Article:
By the end of the Cubs’ second spring training game of 2019, Ian Happ had already notched as many innings at second base (3) as he did in all of 2018.
It’s still unknown how much he’ll really be included in the second-base picture once the regular season starts, but at the very least, Happ has an opportunity to earn playing time there.
And, even more important, the 24-year-old Happ is finding his voice and coming into his own with the Cubs.
Happ is typically pretty reserved and soft-spoken, especially in the media. He is the type to let his play do the talking for him and he definitely bought into the old school ways of the game — keep your head down and do your work as a young player, learning and listening instead of talking.
Yet as he enters Year 3 in the big leagues, Happ found it necessary to step up and let his voice be heard. He reached out to manager Joe Maddon shortly after last season ended and made it known he wanted to be considered for second base in 2019.
“Joe and I have always had a really good relationship, but I think you kind of have to earn your stripes,” Happ said. “Not that I have yet, but I think the more experience you have, the more time you spend with somebody, you’re able to have that open relationship, that open dialogue.
“And Joe is so good about that — letting us feel like we have a say and that we can say whatever we want to him and he’ll take it in and listen to us.”
Last spring, the Cubs were committed to getting Happ more reps in the outfield and making strides as a hitter to fill the leadoff role. So after playing 44 games and 260.1 innings at second base in his rookie year of 2017, Happ appeared in only 2 games at the position in 2018, managing 3 innings and 0 starts.
“[Joe and I] had some really good candid conversations where I was able to say, ‘Look, I would like to be considered for this.’ ‘I would like some time there,’” Happ said. “Because last spring training, I played all center field and you get to the season and it’s like, we’ll now I have to play them all.
“So that was my goal this spring — come in, play a bunch of different positions to really prepare myself for what I’m going to be doing here this season.”
Maddon praised Happ for how he handled the matter and understands the young switch-hitter just wants to find a way into the lineup any way he can.
Happ’s focus is all about increasing his versatility and convincing the Cubs he’s a viable option defensively at second base — a tough position for any young player to learn how to play well, let alone a guy who only spends part of his time at the position while moving all around the diamond.
While Happ is trying to adjust to the league offensively and getting more experience in the outfield, he’s also been tasked with learning the corner infield spots in addition to all the nuances of second base — cutoffs, turning double plays, ranging up the middle for balls, adjusting as part of a shift, etc.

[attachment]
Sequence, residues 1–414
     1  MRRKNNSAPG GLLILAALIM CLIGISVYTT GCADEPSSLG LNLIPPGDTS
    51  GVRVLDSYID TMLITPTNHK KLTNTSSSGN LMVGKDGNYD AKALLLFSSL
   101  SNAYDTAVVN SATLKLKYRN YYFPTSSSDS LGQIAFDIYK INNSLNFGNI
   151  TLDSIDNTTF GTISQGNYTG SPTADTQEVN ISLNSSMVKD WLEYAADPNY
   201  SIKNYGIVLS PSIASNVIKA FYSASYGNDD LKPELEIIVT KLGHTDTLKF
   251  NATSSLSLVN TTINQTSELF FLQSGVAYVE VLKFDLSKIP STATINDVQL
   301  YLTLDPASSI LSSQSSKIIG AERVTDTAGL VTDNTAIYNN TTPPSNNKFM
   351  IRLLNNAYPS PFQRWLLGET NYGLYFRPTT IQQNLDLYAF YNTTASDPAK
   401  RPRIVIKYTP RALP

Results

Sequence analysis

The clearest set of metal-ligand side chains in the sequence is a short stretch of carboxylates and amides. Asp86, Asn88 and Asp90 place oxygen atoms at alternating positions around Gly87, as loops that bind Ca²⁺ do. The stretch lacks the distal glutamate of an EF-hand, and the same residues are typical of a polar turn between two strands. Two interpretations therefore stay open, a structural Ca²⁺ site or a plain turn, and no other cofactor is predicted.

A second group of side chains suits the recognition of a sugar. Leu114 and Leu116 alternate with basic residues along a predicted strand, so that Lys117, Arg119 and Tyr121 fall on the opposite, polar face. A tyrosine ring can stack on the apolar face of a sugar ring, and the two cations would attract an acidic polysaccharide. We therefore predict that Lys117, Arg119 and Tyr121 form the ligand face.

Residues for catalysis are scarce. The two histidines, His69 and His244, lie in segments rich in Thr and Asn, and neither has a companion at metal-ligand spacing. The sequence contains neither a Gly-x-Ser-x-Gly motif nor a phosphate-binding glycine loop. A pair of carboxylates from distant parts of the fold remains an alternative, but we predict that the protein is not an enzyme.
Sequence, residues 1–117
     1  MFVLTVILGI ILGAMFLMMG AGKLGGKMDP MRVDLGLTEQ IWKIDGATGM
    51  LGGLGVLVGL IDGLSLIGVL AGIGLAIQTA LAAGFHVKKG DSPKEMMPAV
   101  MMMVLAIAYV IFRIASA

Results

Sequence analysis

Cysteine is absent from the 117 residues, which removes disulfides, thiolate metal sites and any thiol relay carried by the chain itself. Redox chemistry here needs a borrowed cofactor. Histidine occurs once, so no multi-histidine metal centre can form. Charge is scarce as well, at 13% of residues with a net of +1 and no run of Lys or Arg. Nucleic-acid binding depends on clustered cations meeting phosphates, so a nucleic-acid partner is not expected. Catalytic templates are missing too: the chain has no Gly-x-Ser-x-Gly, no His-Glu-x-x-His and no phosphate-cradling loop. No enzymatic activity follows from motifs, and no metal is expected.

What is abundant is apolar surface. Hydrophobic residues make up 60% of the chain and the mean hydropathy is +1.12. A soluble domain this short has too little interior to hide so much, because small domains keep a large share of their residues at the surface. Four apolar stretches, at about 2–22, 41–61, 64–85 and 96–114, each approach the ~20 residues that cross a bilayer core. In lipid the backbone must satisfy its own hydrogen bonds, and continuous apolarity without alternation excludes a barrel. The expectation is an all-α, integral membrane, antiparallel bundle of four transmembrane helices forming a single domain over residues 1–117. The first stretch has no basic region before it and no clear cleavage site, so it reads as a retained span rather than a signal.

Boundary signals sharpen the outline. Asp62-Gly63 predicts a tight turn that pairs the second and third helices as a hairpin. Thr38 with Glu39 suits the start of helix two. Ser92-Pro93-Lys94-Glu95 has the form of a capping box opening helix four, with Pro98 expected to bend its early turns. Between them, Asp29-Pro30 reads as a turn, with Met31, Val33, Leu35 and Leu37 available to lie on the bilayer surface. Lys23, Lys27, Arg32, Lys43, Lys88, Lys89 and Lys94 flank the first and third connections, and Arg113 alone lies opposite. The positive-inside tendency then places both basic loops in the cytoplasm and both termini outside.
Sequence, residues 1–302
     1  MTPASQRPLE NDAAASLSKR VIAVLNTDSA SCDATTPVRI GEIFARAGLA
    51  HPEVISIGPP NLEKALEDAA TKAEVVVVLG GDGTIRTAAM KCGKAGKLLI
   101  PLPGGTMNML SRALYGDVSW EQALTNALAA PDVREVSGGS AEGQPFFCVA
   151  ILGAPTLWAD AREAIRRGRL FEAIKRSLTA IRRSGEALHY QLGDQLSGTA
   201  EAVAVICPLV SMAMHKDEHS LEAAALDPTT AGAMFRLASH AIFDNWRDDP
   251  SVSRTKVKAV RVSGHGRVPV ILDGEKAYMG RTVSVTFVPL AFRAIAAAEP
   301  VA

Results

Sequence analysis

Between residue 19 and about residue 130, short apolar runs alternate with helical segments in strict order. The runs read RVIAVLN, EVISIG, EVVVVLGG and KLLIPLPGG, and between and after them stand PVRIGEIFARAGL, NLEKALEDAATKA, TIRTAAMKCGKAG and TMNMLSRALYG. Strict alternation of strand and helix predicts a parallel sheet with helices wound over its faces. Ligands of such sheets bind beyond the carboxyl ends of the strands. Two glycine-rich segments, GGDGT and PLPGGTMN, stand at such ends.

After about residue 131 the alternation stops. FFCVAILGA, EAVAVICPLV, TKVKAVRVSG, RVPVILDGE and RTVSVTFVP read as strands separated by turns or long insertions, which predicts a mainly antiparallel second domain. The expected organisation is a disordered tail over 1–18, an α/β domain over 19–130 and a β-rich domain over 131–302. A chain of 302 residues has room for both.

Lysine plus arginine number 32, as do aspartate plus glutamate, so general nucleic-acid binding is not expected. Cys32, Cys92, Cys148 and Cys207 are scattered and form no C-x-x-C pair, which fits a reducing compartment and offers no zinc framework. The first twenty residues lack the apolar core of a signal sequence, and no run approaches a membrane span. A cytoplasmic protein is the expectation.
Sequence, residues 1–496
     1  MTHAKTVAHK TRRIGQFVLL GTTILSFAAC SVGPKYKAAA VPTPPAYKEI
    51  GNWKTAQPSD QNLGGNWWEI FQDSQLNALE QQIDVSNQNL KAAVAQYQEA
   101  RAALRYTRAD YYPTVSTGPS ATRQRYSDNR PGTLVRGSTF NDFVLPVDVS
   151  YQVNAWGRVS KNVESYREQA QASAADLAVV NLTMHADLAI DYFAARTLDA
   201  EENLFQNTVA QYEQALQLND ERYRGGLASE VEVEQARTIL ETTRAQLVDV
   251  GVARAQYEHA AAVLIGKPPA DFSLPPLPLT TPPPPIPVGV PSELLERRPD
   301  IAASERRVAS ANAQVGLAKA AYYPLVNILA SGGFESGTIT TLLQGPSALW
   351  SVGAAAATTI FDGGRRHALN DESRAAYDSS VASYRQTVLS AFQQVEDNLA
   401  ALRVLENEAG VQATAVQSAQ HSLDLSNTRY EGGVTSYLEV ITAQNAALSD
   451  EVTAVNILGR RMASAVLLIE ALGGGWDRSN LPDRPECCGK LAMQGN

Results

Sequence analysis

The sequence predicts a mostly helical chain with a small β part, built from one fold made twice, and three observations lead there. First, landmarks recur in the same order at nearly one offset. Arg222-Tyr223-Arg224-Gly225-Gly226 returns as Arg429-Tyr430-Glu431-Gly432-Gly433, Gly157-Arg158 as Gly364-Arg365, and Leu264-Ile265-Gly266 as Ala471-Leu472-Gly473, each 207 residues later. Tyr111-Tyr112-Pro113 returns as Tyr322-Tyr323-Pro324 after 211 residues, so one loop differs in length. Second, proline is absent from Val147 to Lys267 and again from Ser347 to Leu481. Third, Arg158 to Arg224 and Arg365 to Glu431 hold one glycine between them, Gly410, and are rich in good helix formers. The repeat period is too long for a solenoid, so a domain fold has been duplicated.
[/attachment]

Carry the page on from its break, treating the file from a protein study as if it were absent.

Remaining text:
“[Cubs infield coach Brian Butterfield] is really excited about where he’s at and Ian is also,” Maddon said last week. “It’s repetition. It’s not like he’s — by any means — overwhelmed. It’s just getting to play more often in those spots.”
Happ said he’s been in constant communication with Maddon this spring, trying to map out a few days in advance so Happ knows when he’ll have time to work on fine-tuning his skills while wearing all these different gloves.
And of course, there’s obviously the offensive end — the area of Happ’s game that is most enticing.
“It’s just being more consistent,” Happ said. “I’ve had some really, really good times. Before the All-Star Break last year, I was playing really well, I was playing good baseball. And then in the second half, I meandered into somewhere where I didn’t want to be.
“It’s being more consistent, continuing to learn the league, continuing to adjust to the league both offensively and defensively. Be more consistent defensively and be able to be someone who can be counted on in multiple spots.”
Happ’s right — in the first half last year, he was a much better offensive player: .256/.379/.453 slash line (.832 OPS) with 11 homers vs. a .196/.313/.340 slash line (.653 OPS) and 4 homers after the All-Star Break. He also posted some serious splits, hitting .244 with an .816 OPS while hitting left-handed against right-handed pitchers and only a .202 average and .608 OPS while serving as a right-handed hitter against left-handed pitchers.
Happ has often pointed to Ben Zobrist as a great role model in terms of the veteran’s defensive versatility, but Zobrist’s plate approach is also a perfect example for Happ, especially as a switch hitter.
Zobrist continues to decrease his strikeouts while maintaining a high walk rate. Happ saw a huge jump in walk percentage (15.2 percent) last year compared to his rookie season (9.4 percent), but also struck out at a much higher rate (36.1 percent vs. 31.2 percent).
Among MLB hitters with at least 400 plate appearances in 2018, only Mike Zunino (37 percent) and Chris Davis (36.8 percent) struck out at a higher rate than Happ. But the Cubs young hitter also ranked 11th in walk percentage, directly behind Jose Ramirez, Aaron Judge and teammate Kyle Schwarber.
“In a perfect world, [the next step for Happ] would be a little bit more consistent contact,” Maddon said. “Because with more contact, the numbers are gonna spike. He hits the ball really hard and he hits the ball really far. It’s gonna start with just more consistent contact, more consistent hard contact and normally that occurs on the left side.
“We gotta build up his right side so that we can give left-handed hitters rest vs. left-handed pitchers and pop him in there right-handed. It starts there. It’s gonna be a more efficient swing, meaning just putting the ball in play hard more consistently and try to continue to work on a two-strike approach.”